property assessments,” Zimmerman said. “If farmers have questions about their assessments, they should first talk with their assessor. They should also be aware of the appeals process available through their local Board of Review.” The Department of Revenue’s Agricultural Assessment Guide is available at revenue.wi.gov/DOR%20Publications/ pb061.pdf. Use value assessment of farmland rate for each municipality can be found at revenue.wi.gov/ DORReports/17useval.pdf. Steps for Checking Property Tax Assessments • Check with the local assessor to make sure land is accurately classified. • Verify that assessments for the property have been accurately applied from the Department of Revenue guidelines. • Compare any market value assessments of property (buildings, woodlots and wasteland) with comparable property in the municipality. • Talk with the assessor over any questions or disagreements. • Go to local board of review if there are disagreements with the assessor. The property taxpayer must notify the board clerk at least 48 hours before the first scheduled meeting of the board. A property owner must go to the board of review if they want to keep their options open to appeal their assessment. By law, the board of review is to meet any time during the 30-day period beginning on the second Monday of May. For more information, visit revenue.wi.gov/Pages/ FAQS/SLF-bor.aspx.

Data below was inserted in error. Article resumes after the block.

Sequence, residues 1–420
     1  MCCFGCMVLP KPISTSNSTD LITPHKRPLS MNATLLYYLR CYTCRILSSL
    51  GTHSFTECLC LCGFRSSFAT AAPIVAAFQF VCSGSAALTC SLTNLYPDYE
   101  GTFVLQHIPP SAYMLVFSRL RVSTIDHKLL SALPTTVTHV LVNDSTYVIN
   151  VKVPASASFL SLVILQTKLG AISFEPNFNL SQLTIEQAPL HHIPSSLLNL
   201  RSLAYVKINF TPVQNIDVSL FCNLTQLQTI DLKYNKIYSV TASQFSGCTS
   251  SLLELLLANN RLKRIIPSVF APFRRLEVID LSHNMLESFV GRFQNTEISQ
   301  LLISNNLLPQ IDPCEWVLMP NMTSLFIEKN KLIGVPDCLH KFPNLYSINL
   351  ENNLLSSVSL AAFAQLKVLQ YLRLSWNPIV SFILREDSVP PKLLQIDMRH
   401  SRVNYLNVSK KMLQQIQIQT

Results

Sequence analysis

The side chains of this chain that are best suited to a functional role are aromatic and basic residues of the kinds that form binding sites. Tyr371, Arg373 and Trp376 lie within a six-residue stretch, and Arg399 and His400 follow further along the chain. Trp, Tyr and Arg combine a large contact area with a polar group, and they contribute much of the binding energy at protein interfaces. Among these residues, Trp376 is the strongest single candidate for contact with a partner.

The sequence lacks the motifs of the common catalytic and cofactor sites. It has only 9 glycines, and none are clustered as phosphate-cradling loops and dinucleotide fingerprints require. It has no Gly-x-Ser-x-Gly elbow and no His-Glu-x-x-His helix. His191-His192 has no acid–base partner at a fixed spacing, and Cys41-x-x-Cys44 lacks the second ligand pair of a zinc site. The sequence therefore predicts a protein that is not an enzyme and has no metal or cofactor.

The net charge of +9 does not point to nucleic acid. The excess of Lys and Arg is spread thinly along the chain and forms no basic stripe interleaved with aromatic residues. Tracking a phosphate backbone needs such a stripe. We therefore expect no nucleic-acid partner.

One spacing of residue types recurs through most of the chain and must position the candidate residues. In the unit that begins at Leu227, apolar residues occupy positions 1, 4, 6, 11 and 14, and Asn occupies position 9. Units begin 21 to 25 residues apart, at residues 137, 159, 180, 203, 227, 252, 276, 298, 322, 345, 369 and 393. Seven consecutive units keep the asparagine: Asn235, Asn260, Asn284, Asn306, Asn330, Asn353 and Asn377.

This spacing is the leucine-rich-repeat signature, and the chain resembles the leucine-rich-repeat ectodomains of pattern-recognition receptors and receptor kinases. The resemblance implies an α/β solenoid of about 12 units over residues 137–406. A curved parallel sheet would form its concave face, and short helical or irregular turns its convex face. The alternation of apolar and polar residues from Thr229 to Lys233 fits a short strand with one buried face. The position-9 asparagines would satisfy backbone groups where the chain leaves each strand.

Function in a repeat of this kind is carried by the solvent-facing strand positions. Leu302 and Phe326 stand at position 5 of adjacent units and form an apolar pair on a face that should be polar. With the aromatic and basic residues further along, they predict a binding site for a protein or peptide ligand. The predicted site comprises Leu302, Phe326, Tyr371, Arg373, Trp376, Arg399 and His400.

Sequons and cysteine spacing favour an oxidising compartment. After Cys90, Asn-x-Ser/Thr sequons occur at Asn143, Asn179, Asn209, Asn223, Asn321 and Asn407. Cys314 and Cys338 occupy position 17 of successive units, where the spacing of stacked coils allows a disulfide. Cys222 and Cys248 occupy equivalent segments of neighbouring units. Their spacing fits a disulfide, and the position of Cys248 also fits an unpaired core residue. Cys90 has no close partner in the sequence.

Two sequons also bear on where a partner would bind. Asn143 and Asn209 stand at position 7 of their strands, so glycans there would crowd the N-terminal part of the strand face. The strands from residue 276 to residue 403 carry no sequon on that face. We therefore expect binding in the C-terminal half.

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WISCONSIN FARM BUREAU FEDERATION
Leopold Conservation Award® Program Seeks Nominees S